The Jewish National Fund was set up in 1901 to buy land in perpetuity for Jews. Historical persecution and expulsion of Jews indicates this was a reasonable idea. The land is leased, and you don’t have to be Jewish to lease it. Israel’s Arab citizens have equal entitlement to land in their country, but in practice Israeli Land Law has institutionalised discrimination. Israel is currently juggling state land and JNF land, and has swapped land in the north for land in the Negev, populated by 180,000 Bedouin and 365,000 Jews. The JNF is now engaged in reservoir building and tree planting on a large scale. The Bedouin make claims to the land; the Israel Land Administration assert to the contrary with law in their favour. They work on Bedouin quality of life and incentives; ultimately there is coercion, and sometimes containment. Israel is acknowledging some of the towns, but it’s not clear why there is this scale of displacement, particularly during judicial processes (Bedouin mounting legal claims to the land). Most Bedouin’s homes are ‘unrecognised‘ because they have no permits – this population has experienced a stratospheric increase from 1948, and so they build, often without any infrastructure or services.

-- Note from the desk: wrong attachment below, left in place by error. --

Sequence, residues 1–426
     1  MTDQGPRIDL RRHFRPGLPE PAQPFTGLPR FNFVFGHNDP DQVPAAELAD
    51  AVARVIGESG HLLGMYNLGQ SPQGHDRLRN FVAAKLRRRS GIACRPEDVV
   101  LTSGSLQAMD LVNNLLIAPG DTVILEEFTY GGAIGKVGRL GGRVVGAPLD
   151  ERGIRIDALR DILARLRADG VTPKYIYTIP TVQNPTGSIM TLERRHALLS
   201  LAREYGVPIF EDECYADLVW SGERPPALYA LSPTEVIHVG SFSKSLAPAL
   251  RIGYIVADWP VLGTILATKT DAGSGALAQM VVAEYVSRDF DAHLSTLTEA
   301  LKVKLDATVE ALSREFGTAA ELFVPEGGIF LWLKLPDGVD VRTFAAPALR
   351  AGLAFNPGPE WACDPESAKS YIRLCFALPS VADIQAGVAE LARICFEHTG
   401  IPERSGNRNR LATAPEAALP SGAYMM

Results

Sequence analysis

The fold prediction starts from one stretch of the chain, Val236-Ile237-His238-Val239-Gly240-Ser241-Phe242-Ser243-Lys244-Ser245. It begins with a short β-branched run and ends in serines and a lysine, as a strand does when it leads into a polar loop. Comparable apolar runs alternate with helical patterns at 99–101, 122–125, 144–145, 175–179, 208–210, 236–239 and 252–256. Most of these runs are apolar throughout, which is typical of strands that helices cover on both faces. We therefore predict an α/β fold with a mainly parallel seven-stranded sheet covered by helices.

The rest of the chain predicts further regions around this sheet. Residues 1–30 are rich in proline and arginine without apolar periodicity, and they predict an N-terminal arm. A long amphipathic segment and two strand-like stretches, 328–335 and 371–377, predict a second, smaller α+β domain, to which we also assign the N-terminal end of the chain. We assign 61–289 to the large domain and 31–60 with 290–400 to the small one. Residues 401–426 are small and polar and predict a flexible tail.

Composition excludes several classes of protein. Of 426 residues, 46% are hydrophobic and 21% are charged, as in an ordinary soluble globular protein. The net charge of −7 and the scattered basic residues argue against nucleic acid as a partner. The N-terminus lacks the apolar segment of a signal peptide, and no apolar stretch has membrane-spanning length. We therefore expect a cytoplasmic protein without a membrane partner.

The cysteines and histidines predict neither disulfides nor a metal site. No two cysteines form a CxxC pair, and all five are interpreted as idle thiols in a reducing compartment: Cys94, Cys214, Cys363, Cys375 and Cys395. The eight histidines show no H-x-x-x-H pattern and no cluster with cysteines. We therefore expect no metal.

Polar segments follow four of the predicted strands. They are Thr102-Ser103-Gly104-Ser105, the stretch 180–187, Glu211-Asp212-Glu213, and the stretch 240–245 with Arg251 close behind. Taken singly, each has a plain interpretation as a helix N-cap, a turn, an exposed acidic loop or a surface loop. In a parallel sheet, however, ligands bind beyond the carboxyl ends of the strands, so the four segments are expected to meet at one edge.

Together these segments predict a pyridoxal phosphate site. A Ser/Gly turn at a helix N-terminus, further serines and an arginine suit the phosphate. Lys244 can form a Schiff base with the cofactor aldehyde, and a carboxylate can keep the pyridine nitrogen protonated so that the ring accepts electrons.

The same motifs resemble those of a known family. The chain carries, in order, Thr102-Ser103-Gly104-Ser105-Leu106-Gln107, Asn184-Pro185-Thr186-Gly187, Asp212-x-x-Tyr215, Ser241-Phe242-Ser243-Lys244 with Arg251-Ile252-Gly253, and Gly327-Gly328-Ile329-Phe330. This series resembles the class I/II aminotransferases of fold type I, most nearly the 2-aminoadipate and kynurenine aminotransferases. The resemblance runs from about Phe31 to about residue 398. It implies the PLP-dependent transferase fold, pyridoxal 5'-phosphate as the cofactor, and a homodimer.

There is a Negev Coexistence Forum, but its site is down right now [update – here it is: DUKIUM] I don’t see co-existence work – I do see advocacy for Bedouin that is clearly needed – but where is the co-existence? My gold standard for co-existence is The Abraham Fund, an organisation I trust deeply, unlike any of the other sources I have mentioned so far (Shaul Ephraim Cohen excepted). They have not yet translated their manual on Arab Society in Israel for Israeli policy makers into English, so let’s look at the precis: Bedouin are the most deplorably impoverished group in Israel. Bustan, another organisation I trust, has more on poverty and pollution among these invisible citizens of the Negev.